Lona: True, you have achieved a great deal by your work, for yourself as well as for others. You are the richest and most influential man in the town; nobody in it dares do otherwise than defer to your will, because you are looked upon as a man without spot or blemish; your home is regarded as a model home, and your conduct as a model of conduct. But all this grandeur, and you with it, is founded on a treacherous morass. A moment may come and a word may be spoken, when you and all your grandeur will be engulfed in the morass, if you do not save yourself in time.
Bernick: Lona—what is your object in coming here?
Lona: I want to help you to get firm ground under your feet, Karsten.
Bernick: Revenge!—you want to revenge yourself! I suspected it. But you won't succeed! There is only one person here that can speak with authority, and he will be silent.
Lona: You mean Johan?
Bernick: Yes, Johan. If any one else accuses me, I shall deny everything. If any one tries to crush me, I shall fight for my life. But you will never succeed in that, let me tell you! The one who could strike me down will say nothing—and is going away.
(RUMMEL and VIGELAND come in from the right.)
Rummel: Good morning, my dear Bernick, good morning. You must come up with us to the Commercial Association. There is a meeting about the railway scheme, you know.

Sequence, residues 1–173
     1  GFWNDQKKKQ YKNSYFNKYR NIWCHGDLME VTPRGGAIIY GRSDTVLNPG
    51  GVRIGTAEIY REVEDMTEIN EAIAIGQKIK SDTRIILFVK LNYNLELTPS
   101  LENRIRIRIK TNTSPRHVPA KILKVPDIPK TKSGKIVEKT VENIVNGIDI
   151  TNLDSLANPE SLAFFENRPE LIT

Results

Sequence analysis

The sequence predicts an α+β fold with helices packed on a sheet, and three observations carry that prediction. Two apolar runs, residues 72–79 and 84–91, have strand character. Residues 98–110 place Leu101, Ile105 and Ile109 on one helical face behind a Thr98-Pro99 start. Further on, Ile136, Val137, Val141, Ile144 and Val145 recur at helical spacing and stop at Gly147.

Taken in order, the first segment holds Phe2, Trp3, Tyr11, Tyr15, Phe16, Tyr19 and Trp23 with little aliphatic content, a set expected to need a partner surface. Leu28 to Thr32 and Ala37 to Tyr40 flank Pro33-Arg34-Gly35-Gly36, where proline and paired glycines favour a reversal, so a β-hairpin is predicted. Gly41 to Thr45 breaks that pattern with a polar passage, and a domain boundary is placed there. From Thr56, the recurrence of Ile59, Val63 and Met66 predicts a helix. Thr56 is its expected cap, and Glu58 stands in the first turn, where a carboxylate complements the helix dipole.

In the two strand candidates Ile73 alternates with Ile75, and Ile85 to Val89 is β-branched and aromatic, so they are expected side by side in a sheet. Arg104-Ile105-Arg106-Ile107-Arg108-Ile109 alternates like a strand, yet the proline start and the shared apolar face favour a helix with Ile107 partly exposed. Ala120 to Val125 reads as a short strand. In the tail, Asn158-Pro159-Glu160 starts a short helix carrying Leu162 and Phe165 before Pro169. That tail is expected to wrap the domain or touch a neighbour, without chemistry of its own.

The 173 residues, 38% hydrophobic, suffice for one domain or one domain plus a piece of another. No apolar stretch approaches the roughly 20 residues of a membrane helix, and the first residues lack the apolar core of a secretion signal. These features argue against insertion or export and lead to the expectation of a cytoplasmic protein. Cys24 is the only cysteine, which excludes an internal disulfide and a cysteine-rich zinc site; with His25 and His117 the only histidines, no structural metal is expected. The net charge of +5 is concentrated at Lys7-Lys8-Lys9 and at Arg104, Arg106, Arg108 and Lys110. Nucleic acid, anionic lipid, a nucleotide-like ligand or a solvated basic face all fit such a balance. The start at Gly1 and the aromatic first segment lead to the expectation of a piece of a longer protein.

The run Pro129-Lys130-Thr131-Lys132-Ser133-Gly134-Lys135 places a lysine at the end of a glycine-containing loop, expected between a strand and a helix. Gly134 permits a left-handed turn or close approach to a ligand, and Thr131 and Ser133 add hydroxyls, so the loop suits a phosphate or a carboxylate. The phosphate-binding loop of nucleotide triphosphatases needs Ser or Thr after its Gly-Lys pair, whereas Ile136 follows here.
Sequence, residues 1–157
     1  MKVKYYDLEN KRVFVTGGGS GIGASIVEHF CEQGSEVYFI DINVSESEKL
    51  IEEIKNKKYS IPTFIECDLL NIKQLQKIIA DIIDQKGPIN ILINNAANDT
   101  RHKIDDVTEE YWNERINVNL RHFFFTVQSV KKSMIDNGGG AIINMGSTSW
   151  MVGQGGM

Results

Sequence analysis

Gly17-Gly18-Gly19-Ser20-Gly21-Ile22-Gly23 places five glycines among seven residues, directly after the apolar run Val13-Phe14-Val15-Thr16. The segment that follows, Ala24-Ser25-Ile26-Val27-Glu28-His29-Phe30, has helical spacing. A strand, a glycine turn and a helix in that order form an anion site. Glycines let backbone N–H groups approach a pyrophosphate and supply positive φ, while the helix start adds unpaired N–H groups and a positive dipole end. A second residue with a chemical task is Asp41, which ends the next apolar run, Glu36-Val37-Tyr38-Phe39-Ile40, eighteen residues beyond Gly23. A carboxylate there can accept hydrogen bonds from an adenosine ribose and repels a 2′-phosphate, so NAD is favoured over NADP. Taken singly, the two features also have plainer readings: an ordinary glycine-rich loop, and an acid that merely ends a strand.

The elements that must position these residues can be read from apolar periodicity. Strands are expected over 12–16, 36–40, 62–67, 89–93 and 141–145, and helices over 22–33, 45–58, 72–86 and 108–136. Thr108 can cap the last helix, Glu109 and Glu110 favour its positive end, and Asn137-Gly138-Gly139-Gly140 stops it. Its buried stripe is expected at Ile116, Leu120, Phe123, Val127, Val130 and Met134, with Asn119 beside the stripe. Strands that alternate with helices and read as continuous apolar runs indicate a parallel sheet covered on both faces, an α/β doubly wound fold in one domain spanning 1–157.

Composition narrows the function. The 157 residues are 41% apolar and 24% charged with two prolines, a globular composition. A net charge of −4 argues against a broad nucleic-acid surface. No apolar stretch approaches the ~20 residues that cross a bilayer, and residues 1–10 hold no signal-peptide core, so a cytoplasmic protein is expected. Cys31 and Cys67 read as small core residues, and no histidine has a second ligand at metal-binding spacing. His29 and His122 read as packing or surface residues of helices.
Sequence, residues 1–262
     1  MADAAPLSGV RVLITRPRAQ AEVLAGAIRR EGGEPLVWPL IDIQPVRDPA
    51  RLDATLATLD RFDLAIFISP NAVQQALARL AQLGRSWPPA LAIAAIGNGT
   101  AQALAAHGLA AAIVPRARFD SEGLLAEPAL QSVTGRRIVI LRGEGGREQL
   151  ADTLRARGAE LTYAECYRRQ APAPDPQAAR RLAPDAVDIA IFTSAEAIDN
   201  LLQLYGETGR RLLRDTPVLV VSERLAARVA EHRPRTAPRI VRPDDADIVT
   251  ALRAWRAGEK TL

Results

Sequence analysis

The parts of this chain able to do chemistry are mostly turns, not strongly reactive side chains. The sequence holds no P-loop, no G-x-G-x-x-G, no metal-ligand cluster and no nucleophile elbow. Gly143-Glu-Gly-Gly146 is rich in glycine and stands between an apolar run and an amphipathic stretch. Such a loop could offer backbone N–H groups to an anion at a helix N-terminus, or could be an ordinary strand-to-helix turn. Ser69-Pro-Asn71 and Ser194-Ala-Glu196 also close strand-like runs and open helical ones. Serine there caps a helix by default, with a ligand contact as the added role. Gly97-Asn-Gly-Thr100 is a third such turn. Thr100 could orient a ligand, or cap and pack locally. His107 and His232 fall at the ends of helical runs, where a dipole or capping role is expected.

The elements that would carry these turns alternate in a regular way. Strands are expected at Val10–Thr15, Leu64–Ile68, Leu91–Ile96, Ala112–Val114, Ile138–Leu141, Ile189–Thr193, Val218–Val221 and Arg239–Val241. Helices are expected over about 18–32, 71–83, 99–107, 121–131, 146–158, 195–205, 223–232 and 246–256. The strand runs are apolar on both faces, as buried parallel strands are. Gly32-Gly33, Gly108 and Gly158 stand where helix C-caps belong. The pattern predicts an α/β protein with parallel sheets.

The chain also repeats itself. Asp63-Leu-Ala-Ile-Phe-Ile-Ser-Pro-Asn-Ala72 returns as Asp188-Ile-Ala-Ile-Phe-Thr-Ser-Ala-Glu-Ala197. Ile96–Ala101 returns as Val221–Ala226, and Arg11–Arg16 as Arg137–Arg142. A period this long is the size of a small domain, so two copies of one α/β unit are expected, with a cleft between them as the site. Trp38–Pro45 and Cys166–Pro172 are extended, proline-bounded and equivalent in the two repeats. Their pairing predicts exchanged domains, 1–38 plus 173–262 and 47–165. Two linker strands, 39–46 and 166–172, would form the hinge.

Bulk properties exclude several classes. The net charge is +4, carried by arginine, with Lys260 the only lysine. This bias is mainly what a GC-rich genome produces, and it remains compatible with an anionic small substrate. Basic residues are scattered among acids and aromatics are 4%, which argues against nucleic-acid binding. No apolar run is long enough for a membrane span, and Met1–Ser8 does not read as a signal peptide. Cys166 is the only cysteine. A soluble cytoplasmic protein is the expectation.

Bernick: I cannot. It is impossible just now.
Vigeland: You really must, Mr. Bernick.
Rummel: Bernick, you must. There is an opposition to us on foot. Hammer, and the rest of those who believe in a line along the coast, are declaring that private interests are at the back of the new proposals.
Bernick: Well then, explain to them—
Vigeland: Our explanations have no effect, Mr. Bernick.
Rummel: No, no, you must come yourself. Naturally, no one would dare to suspect you of such duplicity.
Lona: I should think not.
Bernick: I cannot, I tell you; I am not well. Or, at all events, wait—let me pull myself together. (RORLUND comes in from the right.)
Rorlund: Excuse me, Mr. Bernick, but I am terribly upset.
Bernick: Why, what is the matter with you?
Rorlund. I must put a question to you, Mr. Bernick. Is it with your consent that the young girl who has found a shelter under your roof shows herself in the open street in the company of a person who—
Lona: What person, Mr. Parson?
Rorlund: With the person from whom, of all others in the world, she ought to be kept farthest apart!
Lona: Ha! ha!
Rorlund: Is it with your consent, Mr. Bernick?
Bernick (looking for his hat and gloves). I know nothing about it. You must excuse me; I am in a great hurry. I am due at the Commercial Association.
(HILMAR comes up from the garden and goes over to the farther door on the left.)
Hilmar: Betty—Betty, I want to speak to you.